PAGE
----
Presto News - 9th January 2012
When I first heard a snippet from this disc last autumn, at a Harmonia Mundi presentation at the Wigmore Hall, a real frisson of excitement rippled through the room of slightly sluggish, post-lunch classical music retailers and press: who was this searing, onyx-toned baritone and what was this (Russian Romantic? Czech?) music he was singing with such blazing conviction?
When the singer’s name was eventually revealed, I was convinced that the ‘debut solo recording’ tag must be some mistake: acclaimed as Onegin, Enrico and Mozart’s Count and Giovanni, the glamorous Mr Mariusz Kwiecień has been cutting such a dash on all the very best international stages over the past few years that I felt sure he must have been snapped up by a major label by now. A quick bit of research, however, confirmed that his appearances on recital discs to date have been limited to a few tracks on a Naxos disc of opera arias (8557309), a shared Chopin recital (NIFCCD016) and some tellingly dramatic cameos on other singers’ discs, so I awaited the full programme with much interest.
The finished article found its way to me just before Christmas, and when I first listened to the opening track (Onegin’s brusquely kind, yet chilly rejection of the young Tatyana) I must confess I was a little underwhelmed. In comparison to the full-throated and vibrantly committed singing which had so seized my attention at the preview, the singer here seemed curiously detached, almost mechanical in his delivery. Predictably, I was kicking myself by the end of the aria: the deliberately dispassionate opening is just one of Kwiecień’s bold dramatic choices, and it soon becomes apparent that underneath the apathetic veneer this is an Onegin who is seething with repressed desires and conflicts (listen to his fervent, ambiguous promise of ‘a brother’s love – or perhaps more than that!’ and you’ll see what I mean).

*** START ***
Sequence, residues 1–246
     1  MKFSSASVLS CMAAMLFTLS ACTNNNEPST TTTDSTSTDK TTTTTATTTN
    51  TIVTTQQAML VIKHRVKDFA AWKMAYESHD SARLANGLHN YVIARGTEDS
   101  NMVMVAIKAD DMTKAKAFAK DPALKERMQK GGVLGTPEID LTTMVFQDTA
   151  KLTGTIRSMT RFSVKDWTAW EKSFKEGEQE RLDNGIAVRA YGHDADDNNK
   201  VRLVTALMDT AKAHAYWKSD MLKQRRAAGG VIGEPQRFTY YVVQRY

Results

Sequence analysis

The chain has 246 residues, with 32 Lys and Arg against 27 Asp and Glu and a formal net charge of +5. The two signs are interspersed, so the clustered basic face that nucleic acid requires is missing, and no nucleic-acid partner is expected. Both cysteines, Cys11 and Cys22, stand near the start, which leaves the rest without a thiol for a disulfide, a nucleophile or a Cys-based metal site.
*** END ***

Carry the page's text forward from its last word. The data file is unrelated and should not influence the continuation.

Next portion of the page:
With the exception of the two chunks from Onegin and perhaps the cavatina from Aleko, none of these arias are exactly familiar territory outside their native countries, and much of the attraction of this fine recital stems from the unusual repertoire choices. As conductor Lukasz Borowicz points out in the booklet note, “the whole baritone world is here, reflected through a Slavic lens”. The distinctively Slavic melancholy (or ‘zal’, as Borowicz terms it) which prevails is tempered by two rapturous, soaring love songs from Iolanta and Mazeppa (hugely memorable tunes both, even on one hearing) and polonaises from Moniusko’s comedies Verbum Nobile and The Haunted Manor. The ‘heroes’ are a well-differentiated bunch, ranging from weathered warriors (Igor, Mazeppa) through urbane cads (Onegin, Janusz in Halka and the Prince in The Cunning Peasant) and culminating in the enlightened visionary King Roger, whose transcendent Hymn to Apollo brings the recital to an ecstatic close.
If Kwiecień’s robust delivery of the various set-piece arias make an immediate impact (you can easily imagine him stopping the show in the self-contained songs from Sadko and The Cunning Peasant), he is also no slouch when it comes to psychological subtlety, and in the long term it’s the more substantial monologues which stay in the mind after several hearings. Try his world-weary, despondent Prince Igor, moving from resignation and self-loathing to frustration and anger as he reflects on his defeat in battle. His signature role, Onegin, needs little further recommendation: the two extracts here whetted my appetite enough for me to seek out his complete performance of the role at the Bolshoi on DVD (BAC046), and I’m sure that many of you will be similarly moved to give it a try on the basis of the extracts here!
Caveats? Well, perhaps the first half of the programme is a little heavy on brooding gloom: the arias from Aleko, The Devil’s Wall and Halka are all real gems, but they do make for a rather lugubrious fifteen minutes when heard back-to-back. Kwiecień’s pronounced, rather fast vibrato may not be to all tastes – there’s a distinct beat in the voice here and there, particularly in the upper-middle – but for the most part it intensifies rather than undermines the dramatic thrust of the music.
The fine playing of the Polish Radio Symphony Orchestra plays no small part in showcasing both singer and repertoire: they’re glassily brilliant in the glittering, callous play-out to Onegin’s agonising epiphany at the ball, bleak and foreboding in the Aleko extract and splendidly rumbustious in the two polonaises. It’s all left me hungry to explore more of this neglected music, and I’ll wager you’ll feel much the same after giving this disc a whirl!
Mariusz Kwiecień: Slavic Heroes
Mariusz Kwiecień (baritone), Polish Radio Symphony Orchestra, Lukasz Borowicz
Katherine Cooper - firstname.lastname@example.org
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